We’ve all seen some awful translations in our life. While most of us have seen things translated to English from another language, have you ever wondered when the reverse is done? I’ve seen enough Japanese people laugh at the names of Japanese restaurants abroad, and certain Chinese characters selected as tattoos.
The truth is not all translators are made equal. There is an element of creativity involved when translating to another language that you just don’t get from a literal translation. It needs to sound natural and with an understanding of your target audience.
Your target market abroad will get turned off the same way we do when we see grammatically incorrect content. It honestly goes both ways no matter where we are in the world, and not only particular with anyone from an English-speaking country.
Having someone literally just translate something is almost a waste of money and time. Local audiences can tell that the content clearly isn’t directed towards them, and can see not a lot of effort has been applied to it.
A poor translation can:
- Create misunderstandings
- Lose revenue
- And potentially cause injuries (poorly translated instruction manuals can do that)
For instance, there are some natural English expressions that will not translate directly into Japanese unless there is a full understanding of the context. And a bilingual reader can understand when content is being translated from a source language.
To save yourself from going through a trial by fire type of experience, I have four simple tips to help you on your search:
1.) Your translator has to be a bilingual native speaker.
You would want your translator to actually be from that country and lived there long enough to understand the cultural nuances involved when creating content in another language. Try to get your translation company to either provide you samples of translations or have them do a small translation you’ve created to test their credibility.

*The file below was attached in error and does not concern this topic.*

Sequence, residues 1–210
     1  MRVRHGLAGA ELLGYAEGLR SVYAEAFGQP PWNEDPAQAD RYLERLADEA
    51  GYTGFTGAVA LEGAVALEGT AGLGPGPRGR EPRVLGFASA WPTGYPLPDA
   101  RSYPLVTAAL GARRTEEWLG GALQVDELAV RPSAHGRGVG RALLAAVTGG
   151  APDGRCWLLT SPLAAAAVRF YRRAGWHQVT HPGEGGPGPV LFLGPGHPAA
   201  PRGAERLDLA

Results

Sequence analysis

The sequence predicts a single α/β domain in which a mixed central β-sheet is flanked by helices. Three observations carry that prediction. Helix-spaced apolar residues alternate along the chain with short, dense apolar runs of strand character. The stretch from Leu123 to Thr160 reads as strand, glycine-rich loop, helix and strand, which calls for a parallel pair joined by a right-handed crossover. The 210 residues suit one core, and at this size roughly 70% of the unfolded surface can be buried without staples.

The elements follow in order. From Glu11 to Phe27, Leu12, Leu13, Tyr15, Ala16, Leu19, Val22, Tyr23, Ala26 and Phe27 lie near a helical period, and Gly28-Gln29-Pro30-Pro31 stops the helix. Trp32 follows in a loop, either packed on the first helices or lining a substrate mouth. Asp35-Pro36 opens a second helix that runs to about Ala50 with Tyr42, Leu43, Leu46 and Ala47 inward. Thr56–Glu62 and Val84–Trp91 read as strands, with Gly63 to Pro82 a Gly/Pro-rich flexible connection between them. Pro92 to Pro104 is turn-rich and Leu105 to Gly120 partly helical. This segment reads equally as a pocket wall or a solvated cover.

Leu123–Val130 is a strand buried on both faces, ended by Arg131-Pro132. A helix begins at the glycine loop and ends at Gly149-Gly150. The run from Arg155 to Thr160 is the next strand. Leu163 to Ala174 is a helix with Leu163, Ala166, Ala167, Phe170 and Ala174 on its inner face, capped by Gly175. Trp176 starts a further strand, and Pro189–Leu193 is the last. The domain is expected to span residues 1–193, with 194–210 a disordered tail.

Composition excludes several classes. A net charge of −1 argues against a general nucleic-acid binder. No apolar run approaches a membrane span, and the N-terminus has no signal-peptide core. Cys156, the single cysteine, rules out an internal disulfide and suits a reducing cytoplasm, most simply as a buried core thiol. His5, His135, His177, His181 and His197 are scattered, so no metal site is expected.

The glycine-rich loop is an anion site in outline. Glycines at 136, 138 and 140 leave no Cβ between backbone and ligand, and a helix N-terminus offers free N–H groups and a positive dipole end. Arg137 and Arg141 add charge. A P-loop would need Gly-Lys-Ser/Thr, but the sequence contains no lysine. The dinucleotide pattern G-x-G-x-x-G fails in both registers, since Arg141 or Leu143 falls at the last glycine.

2.) Make sure your translators have industry experience.
There are a lot of industry jargon that is used in Japanese for instance. Let’s say you’re writing a copy for fashionably-conscious shoppers. Would it make sense to have a translator with no experience or interest in fashion to translate your words into Japanese?
No, right? Really make sure you know what you’re getting. Getting a second opinion is important whether you’re asking for a friend, another translation company, or even strangers on the internet to review it. Get it checked.
3.) Look around and do your research.
There are a variety of translation companies that specialize in particular industries, and not all of them can do it all. You will have to check carefully what you’re looking for and assess for yourself if this company can actually live up to your expectations.
Also, make them provide you a reference to some previous customers if you don’t see any on their site. A lot of companies based in Japan do not provide references on their homepage but are more than willing to show you if you ask them.
4.) Do they even know what they are talking about?
Are they asking you the right questions about your project? Like what you are looking for? Do they seem familiar with your industry/topic when talking to you? Just telling you they can do it isn’t enough.
A good translation company needs to confidently know how to tackle each project. Because it doesn’t leave anyone a whole lot of confidence if they are just bumbling their way through the consultation.
Overall, I cannot emphasize enough on second opinions, but with enough back and forth communication between you and the staff of those companies, you can get a good idea what works best for you.